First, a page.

General Blamey wanted a man with good judgment and a lot of experience watching over the New Zealand 21st Battalion. He sent his artillery commander, Brigadier Clowes to check out the situation and take any action he thought was necessary.
Brigadier Clowes drove through the night to the New Zealand Division headquarters and then on to Larisa. Traffic on the roads was bad, so Brigadier Clowes only left Larisa at 8am to drive on to Platamon. By 11am, he reached the east end of the Pinios Gorge. He found theh 21st Battalion there heard the news that "one company and part of another were missing".
Clowes ordered the battalion commander to hold the gorge until 19 April and do so essentially "at all cost" (even if they had to fight to the last man). The battalion commander was also told that support was on the way.
He was also told to sink the ferry boat once all his men had crossed. He was to hold the west end of the gorge "to the last". Brigadier Clowes also ordered Lt-Col. Macky to move back to a spot seven miles to the south if the Germans broke through.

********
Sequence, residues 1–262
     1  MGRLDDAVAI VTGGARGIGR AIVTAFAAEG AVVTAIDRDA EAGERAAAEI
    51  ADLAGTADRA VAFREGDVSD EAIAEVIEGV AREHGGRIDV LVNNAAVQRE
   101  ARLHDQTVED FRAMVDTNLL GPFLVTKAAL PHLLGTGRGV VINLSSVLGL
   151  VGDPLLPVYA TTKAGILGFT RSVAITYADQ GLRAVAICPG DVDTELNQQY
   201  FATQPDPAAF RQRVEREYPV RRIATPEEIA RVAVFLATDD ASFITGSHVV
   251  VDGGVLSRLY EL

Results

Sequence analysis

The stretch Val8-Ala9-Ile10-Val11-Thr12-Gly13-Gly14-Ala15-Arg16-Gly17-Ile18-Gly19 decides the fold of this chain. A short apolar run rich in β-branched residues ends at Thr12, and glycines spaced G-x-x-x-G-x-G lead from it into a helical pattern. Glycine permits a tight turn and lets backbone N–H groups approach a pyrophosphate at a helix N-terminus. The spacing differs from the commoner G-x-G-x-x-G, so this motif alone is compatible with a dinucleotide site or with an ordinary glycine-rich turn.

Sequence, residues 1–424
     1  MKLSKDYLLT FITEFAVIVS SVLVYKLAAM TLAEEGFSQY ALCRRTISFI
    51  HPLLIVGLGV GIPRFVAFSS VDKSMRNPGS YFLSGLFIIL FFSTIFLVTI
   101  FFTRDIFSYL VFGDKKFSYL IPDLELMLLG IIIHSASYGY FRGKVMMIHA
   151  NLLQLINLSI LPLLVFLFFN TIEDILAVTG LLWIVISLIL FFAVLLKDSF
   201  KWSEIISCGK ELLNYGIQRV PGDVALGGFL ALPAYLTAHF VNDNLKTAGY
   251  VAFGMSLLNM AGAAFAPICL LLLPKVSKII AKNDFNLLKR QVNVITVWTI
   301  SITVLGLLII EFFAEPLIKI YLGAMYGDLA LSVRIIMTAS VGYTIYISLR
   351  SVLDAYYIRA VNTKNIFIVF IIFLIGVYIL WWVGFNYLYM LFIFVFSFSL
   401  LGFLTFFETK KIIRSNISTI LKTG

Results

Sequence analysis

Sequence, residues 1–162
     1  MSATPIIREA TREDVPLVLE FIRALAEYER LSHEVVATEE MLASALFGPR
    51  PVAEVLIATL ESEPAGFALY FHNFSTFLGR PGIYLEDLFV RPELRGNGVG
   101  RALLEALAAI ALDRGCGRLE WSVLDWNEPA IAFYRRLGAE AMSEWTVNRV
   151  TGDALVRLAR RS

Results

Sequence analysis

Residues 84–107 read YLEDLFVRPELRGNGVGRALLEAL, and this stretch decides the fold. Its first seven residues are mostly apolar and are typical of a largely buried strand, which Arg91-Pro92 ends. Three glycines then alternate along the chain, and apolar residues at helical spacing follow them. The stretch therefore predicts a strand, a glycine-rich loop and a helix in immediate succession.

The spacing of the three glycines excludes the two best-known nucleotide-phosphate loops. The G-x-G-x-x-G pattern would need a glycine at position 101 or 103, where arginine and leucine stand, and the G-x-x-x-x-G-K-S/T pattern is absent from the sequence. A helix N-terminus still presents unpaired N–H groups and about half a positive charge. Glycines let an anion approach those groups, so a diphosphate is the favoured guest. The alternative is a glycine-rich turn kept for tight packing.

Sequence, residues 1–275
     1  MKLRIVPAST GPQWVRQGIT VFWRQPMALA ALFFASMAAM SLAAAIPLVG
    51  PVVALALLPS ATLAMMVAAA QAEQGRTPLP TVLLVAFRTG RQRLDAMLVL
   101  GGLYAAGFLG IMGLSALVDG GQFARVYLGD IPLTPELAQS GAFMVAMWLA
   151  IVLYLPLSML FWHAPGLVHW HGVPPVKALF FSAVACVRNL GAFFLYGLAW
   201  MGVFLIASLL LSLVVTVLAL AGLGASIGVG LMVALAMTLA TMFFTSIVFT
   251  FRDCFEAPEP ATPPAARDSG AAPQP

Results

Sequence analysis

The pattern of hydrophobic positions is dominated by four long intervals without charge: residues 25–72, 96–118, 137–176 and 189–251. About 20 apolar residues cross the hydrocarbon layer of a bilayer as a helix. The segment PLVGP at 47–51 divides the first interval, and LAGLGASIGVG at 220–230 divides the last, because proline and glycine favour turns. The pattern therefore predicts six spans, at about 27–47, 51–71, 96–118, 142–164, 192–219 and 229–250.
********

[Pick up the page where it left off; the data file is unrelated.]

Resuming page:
By late afternoon, the 21st Battalion had crossed. They had four guns that were too heavy for the "barge". The trucks drove across the railway bridge. The guns were man-handled across. They only sank the ferry at this point. They only did that after they ferried across a "large flock of goats and sheep, with two shepherdesses.
Clowes had done the job that they had hoped he would do. At that point, General Blamey and his staff worked to find reinforcements to send "as a stop-gap". This is based on the account in "Greece, Crete, and Syria" by Gavin Long.